Will Your Attorneys’ Fee Clause Permit You to Recover Your Attorneys’ Fees?

Lenders expect that their borrower will be responsible to pay the lender’s legal fees in all matters arising out of the loan made or to be made to the borrower.  However, under what is generally referred to as the American Rule, each party is obligated to pay its own legal costs unless there is an agreement for one party to pay the other party’s legal costs or if there is a statute that provides that the other party is to pay such expenses.

As a result, when they do not have an agreement to rely upon for reimbursement of legal costs, creative lawyers often attempt to recover under statutes such as the Racketeer Influenced and Corrupt Organizations Act (RICO) or similar statutes to shift the burden to pay (and better assure that they get paid) to deeper pockets.

Lenders have long included broad indemnity provisions in our loan documents making the borrower liable for the lender’s costs and expenses including its reasonable attorneys’ fees and costs.  But are those provisions broad enough to allow the lender to recover its legal costs in all situations?  Obviously not, or I would have nothing to write about today.

Courts have held that the written agreement must “evince an ‘unmistakably clear’ intention to waive the American Rule against prevailing parties’ recovery of attorneys’ fees…” (Wells Fargo Bank v Webster Business Credit).  The Wells Fargo-Webster case began with a claim asserted by Wells Fargo and others regarding the conduct of the administrative agent and later developed into a claim by Webster, as the administrative agent, to recover its attorneys’ fees and costs.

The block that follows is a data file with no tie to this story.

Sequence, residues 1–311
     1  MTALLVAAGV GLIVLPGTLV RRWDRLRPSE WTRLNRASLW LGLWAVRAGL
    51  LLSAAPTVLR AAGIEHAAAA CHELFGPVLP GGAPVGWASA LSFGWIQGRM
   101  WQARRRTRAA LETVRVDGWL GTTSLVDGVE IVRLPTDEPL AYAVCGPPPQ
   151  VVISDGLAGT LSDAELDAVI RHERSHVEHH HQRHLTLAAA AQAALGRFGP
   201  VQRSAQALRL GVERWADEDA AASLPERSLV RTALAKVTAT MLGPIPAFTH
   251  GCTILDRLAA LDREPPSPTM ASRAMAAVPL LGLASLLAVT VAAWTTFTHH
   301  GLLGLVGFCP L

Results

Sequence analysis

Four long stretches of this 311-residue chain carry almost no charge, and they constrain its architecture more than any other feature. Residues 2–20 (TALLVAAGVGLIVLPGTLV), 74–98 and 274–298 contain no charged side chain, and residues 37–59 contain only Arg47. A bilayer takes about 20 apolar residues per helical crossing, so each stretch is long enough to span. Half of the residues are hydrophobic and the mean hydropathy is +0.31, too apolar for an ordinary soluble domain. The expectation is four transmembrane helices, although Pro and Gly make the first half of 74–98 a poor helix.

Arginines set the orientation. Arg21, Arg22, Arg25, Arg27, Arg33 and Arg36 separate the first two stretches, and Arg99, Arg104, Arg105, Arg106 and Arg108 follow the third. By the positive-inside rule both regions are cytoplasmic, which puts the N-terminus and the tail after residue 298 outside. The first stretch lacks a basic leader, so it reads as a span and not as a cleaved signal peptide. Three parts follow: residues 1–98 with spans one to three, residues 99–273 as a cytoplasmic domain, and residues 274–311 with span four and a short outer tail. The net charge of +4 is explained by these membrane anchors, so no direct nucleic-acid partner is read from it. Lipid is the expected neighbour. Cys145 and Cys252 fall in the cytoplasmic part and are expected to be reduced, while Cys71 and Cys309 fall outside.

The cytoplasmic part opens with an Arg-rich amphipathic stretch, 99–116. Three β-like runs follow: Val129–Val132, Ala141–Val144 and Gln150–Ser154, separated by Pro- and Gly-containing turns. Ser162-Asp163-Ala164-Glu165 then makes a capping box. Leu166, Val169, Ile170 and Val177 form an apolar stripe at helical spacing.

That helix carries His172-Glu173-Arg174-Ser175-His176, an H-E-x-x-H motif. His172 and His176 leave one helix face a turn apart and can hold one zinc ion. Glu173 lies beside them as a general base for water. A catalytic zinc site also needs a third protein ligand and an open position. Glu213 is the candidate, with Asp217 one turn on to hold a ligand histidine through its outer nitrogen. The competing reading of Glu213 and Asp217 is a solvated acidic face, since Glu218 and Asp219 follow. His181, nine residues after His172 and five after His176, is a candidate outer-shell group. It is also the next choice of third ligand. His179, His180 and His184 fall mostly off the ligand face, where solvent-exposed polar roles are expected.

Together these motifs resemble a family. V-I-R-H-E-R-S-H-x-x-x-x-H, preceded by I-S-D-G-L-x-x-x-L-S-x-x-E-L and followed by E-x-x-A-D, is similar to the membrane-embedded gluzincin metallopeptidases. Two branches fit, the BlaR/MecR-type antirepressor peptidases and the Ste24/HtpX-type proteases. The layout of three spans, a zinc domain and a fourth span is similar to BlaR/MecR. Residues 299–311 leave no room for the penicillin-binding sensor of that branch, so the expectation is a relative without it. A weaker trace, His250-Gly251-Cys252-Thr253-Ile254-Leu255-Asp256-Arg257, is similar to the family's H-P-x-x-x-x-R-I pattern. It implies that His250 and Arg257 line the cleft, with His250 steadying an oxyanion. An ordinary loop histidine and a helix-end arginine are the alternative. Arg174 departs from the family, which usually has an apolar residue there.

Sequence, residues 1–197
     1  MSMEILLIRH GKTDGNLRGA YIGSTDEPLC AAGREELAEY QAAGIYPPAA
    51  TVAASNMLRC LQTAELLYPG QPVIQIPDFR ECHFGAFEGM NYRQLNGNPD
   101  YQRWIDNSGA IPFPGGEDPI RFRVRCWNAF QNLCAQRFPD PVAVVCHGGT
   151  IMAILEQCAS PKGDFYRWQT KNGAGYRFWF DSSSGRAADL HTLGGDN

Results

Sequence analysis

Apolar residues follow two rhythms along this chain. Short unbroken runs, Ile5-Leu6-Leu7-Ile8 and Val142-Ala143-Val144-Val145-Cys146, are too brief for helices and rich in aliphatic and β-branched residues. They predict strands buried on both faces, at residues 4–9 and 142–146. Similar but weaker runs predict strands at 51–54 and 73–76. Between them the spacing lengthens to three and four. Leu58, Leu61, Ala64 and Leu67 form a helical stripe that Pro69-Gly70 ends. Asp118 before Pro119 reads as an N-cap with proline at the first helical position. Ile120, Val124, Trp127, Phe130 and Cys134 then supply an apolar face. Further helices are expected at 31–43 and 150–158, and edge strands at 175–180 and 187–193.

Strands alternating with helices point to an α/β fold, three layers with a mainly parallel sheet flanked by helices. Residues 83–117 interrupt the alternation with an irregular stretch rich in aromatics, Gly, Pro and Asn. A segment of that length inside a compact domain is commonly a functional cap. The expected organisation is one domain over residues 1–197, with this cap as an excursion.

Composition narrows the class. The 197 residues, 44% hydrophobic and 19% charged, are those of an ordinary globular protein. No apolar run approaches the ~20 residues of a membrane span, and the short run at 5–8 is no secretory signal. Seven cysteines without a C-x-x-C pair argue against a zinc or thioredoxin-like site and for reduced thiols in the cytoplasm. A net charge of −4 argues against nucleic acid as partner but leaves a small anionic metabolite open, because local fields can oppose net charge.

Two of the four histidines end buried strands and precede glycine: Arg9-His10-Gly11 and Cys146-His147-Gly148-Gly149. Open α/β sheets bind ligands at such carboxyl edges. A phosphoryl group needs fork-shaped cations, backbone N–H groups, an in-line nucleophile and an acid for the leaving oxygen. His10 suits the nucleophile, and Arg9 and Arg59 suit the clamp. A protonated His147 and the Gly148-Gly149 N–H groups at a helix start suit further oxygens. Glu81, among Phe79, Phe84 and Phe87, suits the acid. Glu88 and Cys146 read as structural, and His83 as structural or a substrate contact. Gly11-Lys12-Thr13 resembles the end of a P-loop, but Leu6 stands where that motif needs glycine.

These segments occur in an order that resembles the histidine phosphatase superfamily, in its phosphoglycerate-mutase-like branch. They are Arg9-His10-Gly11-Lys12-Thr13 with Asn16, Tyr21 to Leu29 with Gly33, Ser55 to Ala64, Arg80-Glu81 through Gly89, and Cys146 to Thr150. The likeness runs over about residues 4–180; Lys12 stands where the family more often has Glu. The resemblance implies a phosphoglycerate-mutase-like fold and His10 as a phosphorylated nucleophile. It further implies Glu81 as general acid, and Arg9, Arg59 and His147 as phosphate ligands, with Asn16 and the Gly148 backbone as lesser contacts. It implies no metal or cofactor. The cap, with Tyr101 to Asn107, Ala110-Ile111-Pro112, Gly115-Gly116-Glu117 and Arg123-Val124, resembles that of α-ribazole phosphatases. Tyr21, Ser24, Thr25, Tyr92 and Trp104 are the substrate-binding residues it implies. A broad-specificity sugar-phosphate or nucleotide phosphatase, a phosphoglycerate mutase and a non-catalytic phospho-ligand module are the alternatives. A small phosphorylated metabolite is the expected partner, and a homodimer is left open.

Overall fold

On appeal, the court held that the  contract

…. expressly contemplates third-party litigation against the lenders…without “clearly impl[ying]” that the parties intended the provision to provide for indemnification in litigation against each other …. This provision is fatal to defendant’s claim of inter-party indemnification for attorneys’ fees …..

I recently found myself confronting a community bank seeking to recover a substantial amount of attorney’s fees in connection with its efforts in a bankruptcy case.  At the time of the commencement of the bankruptcy case, and at all times thereafter, no default had been declared on the mortgage loan and no action was commenced.  The community bank appeared in connection with use of cash collateral and plan confirmation matters but did not assert any claim for attorneys’ fees until months after the debtor’s plan had been confirmed.

The attorney fee provision contained in the mortgage provided:

The Mortgagor will pay when due and payable all …, attorneys’ fees, … which have been incurred or which may hereafter be incurred by the Mortgagee in connection with the issuance of its commitment, the preparation and execution of loan documents and the funding of the loan to the Mortgagor secured hereby;

 Of course, the problem faced by the community bank was that the attorneys’ fees incurred during the bankruptcy were not for the issuance of any commitment, the preparation of documents or the funding of the loan which occurred years earlier.  In fact the attorney fee provision by its own terms would not have covered the community bank for its attorneys’ fees if it had to foreclose on the premises or sue the guarantor.

The provision did go on to provide that the borrower was obligated to

reimburse [lender] for ….., all claims, demands, liabilities, losses, damages, judgments, penalties, costs, and expenses (including, without limitation, attorneys’ fees) which may be imposed upon, asserted against, or incurred or paid by them by reason of, on account of or in connection with any bodily injury or property damage occurring in or upon or in the vicinity of the Mortgaged Property through any cause whatsoever or asserted against them on account of any act performed or omitted to be performed hereunder or on account of any transaction arising out of or in any way connected with the Mortgaged Property, or with the Mortgagee or any of the indebtedness evidenced by the Note, excepting for the gross negligence of the Mortgagee or its agents.

But it does not provide for attorneys’ fees incurred in negotiating a cash collateral order or even in foreclosing on the property.